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Japan-South Korea rift

Japan and South Korea remain apart over intel-sharing pact

South Korean Defense Minister Jeong Kyeong-doo, U.S. Defense Secretary Mark Esper and Japanese Defense Minister Taro Kono met on Sunday in Bangkok and released a joint statement following the meeting.   © Kyodo

BANGKOK (Kyodo) --The defense ministers of Japan and South Korea on Sunday held their first official talks in more than a year, but no tangible progress was made over a bilateral military intelligence-sharing pact set to expire next weekend.

Japanese Defense Minister Taro Kono urged his South Korean counterpart Jeong Kyeong Doo to reconsider Seoul's decision to terminate the three-year-old General Security of Military Information Agreement.

"We want to call on (South Korea) to act sensibly," Kono said at the meeting in Bangkok, given that not only the security situation in the region but also the relationship between defense authorities of the two Asian neighbors has been "very severe."

But Jeong repeated South Korea's position on the intelligence-sharing pact, also known as GSOMIA, which is to expire on Saturday, according to Japanese officials.

The unchanged stance came to light despite U.S. Defense Secretary Mark Esper's renewed assertion on Sunday that facilitating exchanges of information between its allies is important.

Jeong told reporters after the meeting with Kono that he called for a diplomatic solution, saying the decision not to renew the accord resulted from Japan's tightening of export controls on some South Korea-bound products for national security reasons.

In the first meeting between the two neighbors' defense chiefs since October last year, Kono and Jeong, nevertheless, agreed that they should maintain communication to deal with North Korea-related issues, according to the officials.

Reached in 2016, the accord is mainly aimed at countering the North Korean nuclear and missile threat and facilitating three-way defense cooperation with the United States.

Japan has repeatedly asked South Korea to renew the accord, as Tokyo is also concerned about a possible weakening of the trilateral security cooperation.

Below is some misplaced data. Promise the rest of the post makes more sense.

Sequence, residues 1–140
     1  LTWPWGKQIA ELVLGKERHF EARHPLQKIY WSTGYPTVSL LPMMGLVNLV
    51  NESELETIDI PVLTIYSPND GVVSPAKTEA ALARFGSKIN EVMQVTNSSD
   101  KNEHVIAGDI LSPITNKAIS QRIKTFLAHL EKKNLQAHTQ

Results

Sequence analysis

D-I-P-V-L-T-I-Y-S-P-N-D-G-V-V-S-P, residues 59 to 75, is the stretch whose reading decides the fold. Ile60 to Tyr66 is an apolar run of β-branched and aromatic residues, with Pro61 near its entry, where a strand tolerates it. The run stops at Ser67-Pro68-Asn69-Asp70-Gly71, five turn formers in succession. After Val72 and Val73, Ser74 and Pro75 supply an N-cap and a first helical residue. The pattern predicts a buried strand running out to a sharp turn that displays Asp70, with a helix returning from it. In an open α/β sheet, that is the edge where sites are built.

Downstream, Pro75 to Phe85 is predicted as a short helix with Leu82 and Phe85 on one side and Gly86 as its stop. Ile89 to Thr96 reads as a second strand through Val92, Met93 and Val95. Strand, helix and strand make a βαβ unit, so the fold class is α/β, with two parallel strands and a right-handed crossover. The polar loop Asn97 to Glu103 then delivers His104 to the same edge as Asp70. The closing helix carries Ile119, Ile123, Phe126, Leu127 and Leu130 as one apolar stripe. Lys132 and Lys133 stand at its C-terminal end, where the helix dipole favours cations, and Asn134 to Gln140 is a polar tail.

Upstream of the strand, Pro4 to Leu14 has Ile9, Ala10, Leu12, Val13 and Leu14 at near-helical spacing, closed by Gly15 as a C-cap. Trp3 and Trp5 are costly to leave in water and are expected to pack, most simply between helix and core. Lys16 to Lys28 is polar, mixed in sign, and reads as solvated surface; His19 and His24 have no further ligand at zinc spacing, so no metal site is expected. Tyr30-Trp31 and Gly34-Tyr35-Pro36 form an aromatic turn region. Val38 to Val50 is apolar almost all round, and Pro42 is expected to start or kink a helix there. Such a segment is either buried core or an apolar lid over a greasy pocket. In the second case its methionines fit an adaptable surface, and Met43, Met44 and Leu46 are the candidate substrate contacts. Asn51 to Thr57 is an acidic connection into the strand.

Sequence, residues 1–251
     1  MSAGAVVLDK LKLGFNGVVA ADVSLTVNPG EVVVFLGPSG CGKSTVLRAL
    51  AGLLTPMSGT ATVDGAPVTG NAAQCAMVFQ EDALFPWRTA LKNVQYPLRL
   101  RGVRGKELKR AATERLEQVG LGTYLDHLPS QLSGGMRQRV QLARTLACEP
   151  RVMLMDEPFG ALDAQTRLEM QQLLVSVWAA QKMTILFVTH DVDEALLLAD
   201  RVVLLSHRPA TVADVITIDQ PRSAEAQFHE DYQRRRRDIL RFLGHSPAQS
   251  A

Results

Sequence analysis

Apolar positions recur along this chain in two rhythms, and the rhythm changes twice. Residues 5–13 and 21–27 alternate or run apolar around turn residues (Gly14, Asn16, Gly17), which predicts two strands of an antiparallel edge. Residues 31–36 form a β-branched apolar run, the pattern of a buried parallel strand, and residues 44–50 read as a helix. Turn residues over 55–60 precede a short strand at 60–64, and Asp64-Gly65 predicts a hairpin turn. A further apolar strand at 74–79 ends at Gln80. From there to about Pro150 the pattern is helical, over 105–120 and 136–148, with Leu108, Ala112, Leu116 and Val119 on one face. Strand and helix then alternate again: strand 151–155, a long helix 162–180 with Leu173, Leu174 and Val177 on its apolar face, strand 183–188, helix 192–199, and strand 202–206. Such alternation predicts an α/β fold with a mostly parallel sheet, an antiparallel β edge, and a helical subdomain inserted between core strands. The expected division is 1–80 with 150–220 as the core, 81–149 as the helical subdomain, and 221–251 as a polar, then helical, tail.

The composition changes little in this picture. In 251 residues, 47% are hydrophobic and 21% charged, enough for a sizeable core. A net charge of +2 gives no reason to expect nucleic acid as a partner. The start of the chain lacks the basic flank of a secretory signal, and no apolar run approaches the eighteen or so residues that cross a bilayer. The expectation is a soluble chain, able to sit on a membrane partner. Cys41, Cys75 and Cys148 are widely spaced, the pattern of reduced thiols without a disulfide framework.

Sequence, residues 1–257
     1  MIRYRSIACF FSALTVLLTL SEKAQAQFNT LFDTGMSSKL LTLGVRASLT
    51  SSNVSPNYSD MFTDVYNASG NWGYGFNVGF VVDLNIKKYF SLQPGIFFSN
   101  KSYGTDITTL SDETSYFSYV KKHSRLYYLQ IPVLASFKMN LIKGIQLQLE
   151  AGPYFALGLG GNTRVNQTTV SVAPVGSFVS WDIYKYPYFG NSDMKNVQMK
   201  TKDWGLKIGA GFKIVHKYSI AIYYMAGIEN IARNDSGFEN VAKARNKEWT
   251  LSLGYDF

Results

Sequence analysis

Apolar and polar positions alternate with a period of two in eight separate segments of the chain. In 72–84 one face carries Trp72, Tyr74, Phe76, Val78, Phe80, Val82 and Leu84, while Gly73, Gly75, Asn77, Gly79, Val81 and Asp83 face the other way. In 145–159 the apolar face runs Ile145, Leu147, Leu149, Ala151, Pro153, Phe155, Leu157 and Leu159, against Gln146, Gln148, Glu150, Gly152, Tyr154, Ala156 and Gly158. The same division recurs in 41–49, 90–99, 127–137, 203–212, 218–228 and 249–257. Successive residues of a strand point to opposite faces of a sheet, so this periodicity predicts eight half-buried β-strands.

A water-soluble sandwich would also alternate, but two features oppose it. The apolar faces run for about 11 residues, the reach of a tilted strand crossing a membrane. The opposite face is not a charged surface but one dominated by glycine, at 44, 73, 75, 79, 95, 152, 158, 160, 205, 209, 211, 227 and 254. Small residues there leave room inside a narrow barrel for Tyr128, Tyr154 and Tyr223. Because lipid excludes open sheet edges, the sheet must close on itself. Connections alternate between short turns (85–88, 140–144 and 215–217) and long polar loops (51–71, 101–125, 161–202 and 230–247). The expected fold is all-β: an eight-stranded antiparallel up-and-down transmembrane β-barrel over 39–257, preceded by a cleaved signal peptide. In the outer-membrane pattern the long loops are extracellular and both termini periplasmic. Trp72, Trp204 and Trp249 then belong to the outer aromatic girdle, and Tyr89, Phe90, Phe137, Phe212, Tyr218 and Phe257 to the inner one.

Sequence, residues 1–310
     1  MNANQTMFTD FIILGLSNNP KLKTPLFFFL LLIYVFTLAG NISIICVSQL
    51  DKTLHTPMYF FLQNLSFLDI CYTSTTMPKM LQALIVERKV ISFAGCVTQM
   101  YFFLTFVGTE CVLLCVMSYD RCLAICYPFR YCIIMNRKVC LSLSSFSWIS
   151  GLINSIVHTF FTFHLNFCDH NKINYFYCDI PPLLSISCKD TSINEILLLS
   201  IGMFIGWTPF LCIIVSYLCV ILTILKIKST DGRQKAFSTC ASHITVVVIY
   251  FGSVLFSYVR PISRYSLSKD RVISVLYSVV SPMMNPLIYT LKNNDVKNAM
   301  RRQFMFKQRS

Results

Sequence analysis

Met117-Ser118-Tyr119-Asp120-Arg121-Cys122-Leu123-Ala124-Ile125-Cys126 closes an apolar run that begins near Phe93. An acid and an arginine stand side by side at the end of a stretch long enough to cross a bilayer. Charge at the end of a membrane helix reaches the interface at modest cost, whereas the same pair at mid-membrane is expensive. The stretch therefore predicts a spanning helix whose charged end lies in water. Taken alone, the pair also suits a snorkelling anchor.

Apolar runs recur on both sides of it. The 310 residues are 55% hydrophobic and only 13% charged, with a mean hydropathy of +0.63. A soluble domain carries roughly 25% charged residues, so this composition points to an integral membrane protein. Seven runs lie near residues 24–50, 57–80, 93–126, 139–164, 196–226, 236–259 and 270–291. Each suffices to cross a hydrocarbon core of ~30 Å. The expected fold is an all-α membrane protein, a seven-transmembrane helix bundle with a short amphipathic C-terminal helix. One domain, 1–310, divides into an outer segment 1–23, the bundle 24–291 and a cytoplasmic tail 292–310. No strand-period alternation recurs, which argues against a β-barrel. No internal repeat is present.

But Seoul insists it will only reconsider its August decision to scrap the agreement if Tokyo first reverses its move earlier this year to tighten controls on exports of some materials needed by South Korean manufacturers of semiconductors and display panels.

A meeting among Kono, Jeong and Esper also took place on Sunday in Bangkok on the sidelines of the annual ASEAN Defense Ministers' Meeting-Plus, according to Japanese officials.

Esper said sharing information among the United States, Japan and South Korea is vital, while Kono said it is necessary to continue defense cooperation among the three allies to address security challenges.

Jeong, however, said their three-way cooperation is facing "large and small difficulties" due to the standoff between South Korea and Japan.

Yet the three ministers released a joint statement following the meeting, with a strong focus on North Korea, in which they pledged to "closely cooperate to support diplomatic efforts to establish complete denuclearization and permanent peace on the Korean Peninsula."

It said they will "stay vigilant" on North Korea following its recent series of ballistic missile launches and agreed to step up their cooperation, "including information sharing, high-level policy consultation, and combined exercises."

Esper visited South Korea before traveling to the Thai capital in an attempt to persuade Seoul to renew the intelligence-sharing pact.

But South Korean President Moon Jae In told Esper on Friday that it is "difficult" for Seoul to share military intelligence with Japan, while promising to make continued efforts toward security cooperation among the three countries.

Japan-South Korea ties, which have long been haunted by wartime history, sank to their lowest level in years in October last year when South Korea's top court ordered a Japanese steelmaker to pay compensation for forced labor during Japan's 1910-1945 colonial rule of the Korean Peninsula.

Meanwhile, the relationship between Japanese and South Korean defense authorities severely deteriorated last December when the South Korean navy allegedly locked its fire-control radar on a Japanese Self-Defense Forces patrol plane.

Before returning to Japan on Tuesday, Kono plans to also meet bilaterally with Esper and defense ministers from other countries.

The ADMM-Plus meeting involves the defense chiefs from the 10-member Association of Southeast Asian Nations and its eight regional partners -- Australia, China, India, Japan, New Zealand, South Korea, Russia and the United States.

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